Dear Dog Walker Who Was Walking Literally 500 Dogs by Sterling,

When I was younger, my mother used to read me a book about a dog named Spotty. Spotty was this cute Dalmatian who, through his dog walker’s love, grows to be 20 feet tall and saves a small child from a burning building.

Ever since I was read this book 12,000 times, I have wanted to interact with dogs, specifically in the form of supervising them while they walk. I have been alive for 18 years (and counting) and never has anyone on this planet asked me to walk their dog. Not. Once. (Which is so bizarre — I have been able to walk for almost 10 years!)

So when I saw you, a Dog Walker Who Was Walking Literally 500 Dogs by Sterling, I was incensed. Adrenaline was coursing through my veins. Rage was making my head pound.

How could one person be so selfish as to walk 500 dogs? Leave some dogs for the rest of us! Do you know how many people in this city would like to walk a dog? Many, many people, probably!

You looked so happy. Sunshine was radiating out of your being. I can’t believe one person would be heartless enough to hog literally 500 dogs. I am so mad. This would never happen if Bernie Sanders were president.

Please feel free to email me with tips on how to become such a successful dog walker.

— A. Enkhtamir

P.S. You really did look so happy. Honestly, looking at you made me kind of happy. Hope you and your 500 dogs have a good day.


Dear Unidentified Insanely Attractive Male,

You were walking down Broadway wearing a light blue button-down and mint green shorts. (Spearmint has always been my favorite flavor.) Your luscious dark brown locks were covered with a “Yale Grandpa” baseball cap. This, in addition to your navy Jansport backpack (and bodacious butt) led me to believe initially that you were my good friend Robert Proner ’19.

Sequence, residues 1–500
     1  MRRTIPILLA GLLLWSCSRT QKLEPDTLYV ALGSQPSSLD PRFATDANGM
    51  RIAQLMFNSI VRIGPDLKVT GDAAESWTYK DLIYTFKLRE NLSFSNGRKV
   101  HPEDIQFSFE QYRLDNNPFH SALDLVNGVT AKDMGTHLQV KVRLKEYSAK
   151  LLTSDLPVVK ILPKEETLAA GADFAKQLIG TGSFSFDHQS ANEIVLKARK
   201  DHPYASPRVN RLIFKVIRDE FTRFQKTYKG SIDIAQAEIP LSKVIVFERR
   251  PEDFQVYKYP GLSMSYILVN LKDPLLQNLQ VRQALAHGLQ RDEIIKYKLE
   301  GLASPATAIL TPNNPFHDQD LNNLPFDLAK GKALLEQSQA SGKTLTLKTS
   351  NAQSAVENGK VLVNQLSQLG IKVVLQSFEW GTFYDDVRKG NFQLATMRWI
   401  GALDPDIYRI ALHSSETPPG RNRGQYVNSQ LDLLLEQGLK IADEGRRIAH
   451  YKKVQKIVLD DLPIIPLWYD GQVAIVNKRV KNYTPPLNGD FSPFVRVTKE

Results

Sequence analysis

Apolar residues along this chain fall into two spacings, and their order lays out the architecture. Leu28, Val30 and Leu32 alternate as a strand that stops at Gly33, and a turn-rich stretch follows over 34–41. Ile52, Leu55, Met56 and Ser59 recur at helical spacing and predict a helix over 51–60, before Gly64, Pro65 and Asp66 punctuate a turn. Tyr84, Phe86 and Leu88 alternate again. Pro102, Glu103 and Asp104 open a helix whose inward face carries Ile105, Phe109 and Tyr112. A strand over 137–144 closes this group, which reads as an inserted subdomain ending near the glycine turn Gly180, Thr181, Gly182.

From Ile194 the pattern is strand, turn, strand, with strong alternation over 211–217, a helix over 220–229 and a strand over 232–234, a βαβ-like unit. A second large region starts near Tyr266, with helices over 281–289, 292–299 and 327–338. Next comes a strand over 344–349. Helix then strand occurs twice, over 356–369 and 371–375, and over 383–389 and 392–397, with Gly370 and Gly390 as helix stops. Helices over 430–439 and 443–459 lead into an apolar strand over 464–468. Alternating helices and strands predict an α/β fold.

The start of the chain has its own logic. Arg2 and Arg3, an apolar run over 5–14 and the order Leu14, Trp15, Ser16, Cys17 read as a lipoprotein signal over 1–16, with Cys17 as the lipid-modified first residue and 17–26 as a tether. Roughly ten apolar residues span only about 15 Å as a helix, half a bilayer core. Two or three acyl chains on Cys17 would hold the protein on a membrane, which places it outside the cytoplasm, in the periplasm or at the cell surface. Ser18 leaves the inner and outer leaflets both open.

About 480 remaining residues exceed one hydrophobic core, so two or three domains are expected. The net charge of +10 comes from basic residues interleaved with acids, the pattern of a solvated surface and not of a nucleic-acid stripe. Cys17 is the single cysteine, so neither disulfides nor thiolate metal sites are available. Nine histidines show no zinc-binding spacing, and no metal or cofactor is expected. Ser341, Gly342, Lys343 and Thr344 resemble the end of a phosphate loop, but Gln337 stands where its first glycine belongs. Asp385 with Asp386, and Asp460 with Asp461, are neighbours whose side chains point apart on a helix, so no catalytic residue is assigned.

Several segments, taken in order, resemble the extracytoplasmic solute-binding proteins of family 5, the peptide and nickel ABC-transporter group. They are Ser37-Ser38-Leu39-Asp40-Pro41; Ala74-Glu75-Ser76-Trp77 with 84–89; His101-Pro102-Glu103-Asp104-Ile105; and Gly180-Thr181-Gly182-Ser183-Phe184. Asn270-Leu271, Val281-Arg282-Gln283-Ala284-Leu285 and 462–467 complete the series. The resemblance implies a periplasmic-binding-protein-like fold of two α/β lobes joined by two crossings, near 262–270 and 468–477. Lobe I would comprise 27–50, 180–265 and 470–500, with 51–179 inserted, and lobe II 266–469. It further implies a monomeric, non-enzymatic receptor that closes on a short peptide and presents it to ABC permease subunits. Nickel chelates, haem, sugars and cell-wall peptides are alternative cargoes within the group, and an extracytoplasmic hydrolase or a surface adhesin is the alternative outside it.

Since I thought you were my good friend Robert Proner, I ran up behind you and slipped my hand into yours. (Your hand was kind of calloused and dry, like you had been doing just the right amount of pullups. I loved it. Your arms also looked like you had been doing just the right amount of pullups. I enjoyed that as well.)

Unfortunately, you were not my good friend Robert Proner. Which is why me, a total stranger, forcing you to hold my hand might have been weird or awkward or kind of insane. I do not want you to think that I’m weird or awkward or kind of insane. That is one of the three reasons I am writing you this letter.

First, let me apologize for making you hold a stranger’s hand.

Second, let me apologize for not letting you take your hand away for a block and a half. Your crystal blue eyes (bordered with beautiful eyelashes that must have been longer than a couple of inches) sort of just paralyzed me like the basilisk in that one Harry Potter book. (Please make a mental note that you understood my reference. That is already one thing we have in common, Unidentified Intensely Attractive Male! We already have the basis for a long and lasting friendship.)

Third, allow me to dispel all suspicions that I am weird and awkward. I am not weird and awkward. On the contrary, I am unique and quirky. Another friend of mine, Nadrina Ebrahimi ’19, once told me I was the ninth-funnest person she knows. When prompted for a comment, Eleanor Pritchett ’19 gave me three out of five stars! My freshman counselor, Warner Overhauser ’16, once told me I was “kind of okay”!

For a full list of character references, please feel free to email me.

Your Potential Friend,

A. Enkhtamir

P.S. I guess I just want you to know that accidentally holding your hand was thrilling but also the most cringeworthy experience I’ve had at Yale so far, and I have had a lot of embarrassing experiences. I would not want to do it again. I’m sorry I wrote 500 words about holding your hand and also that I held your hand.